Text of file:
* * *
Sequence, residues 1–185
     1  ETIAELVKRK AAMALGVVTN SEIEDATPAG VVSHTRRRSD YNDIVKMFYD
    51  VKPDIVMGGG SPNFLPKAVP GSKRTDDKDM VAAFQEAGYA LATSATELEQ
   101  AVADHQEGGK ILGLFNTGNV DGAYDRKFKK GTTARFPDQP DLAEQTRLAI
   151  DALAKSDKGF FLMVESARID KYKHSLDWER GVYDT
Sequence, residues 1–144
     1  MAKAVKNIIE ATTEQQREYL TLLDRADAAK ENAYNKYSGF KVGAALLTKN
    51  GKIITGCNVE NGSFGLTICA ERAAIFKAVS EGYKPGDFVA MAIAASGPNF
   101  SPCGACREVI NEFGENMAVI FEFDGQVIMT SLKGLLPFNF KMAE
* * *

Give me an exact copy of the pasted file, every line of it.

Sequence, residues 1–185
     1  ETIAELVKRK AAMALGVVTN SEIEDATPAG VVSHTRRRSD YNDIVKMFYD
    51  VKPDIVMGGG SPNFLPKAVP GSKRTDDKDM VAAFQEAGYA LATSATELEQ
   101  AVADHQEGGK ILGLFNTGNV DGAYDRKFKK GTTARFPDQP DLAEQTRLAI
   151  DALAKSDKGF FLMVESARID KYKHSLDWER GVYDT
Sequence, residues 1–144
     1  MAKAVKNIIE ATTEQQREYL TLLDRADAAK ENAYNKYSGF KVGAALLTKN
    51  GKIITGCNVE NGSFGLTICA ERAAIFKAVS EGYKPGDFVA MAIAASGPNF
   101  SPCGACREVI NEFGENMAVI FEFDGQVIMT SLKGLLPFNF KMAE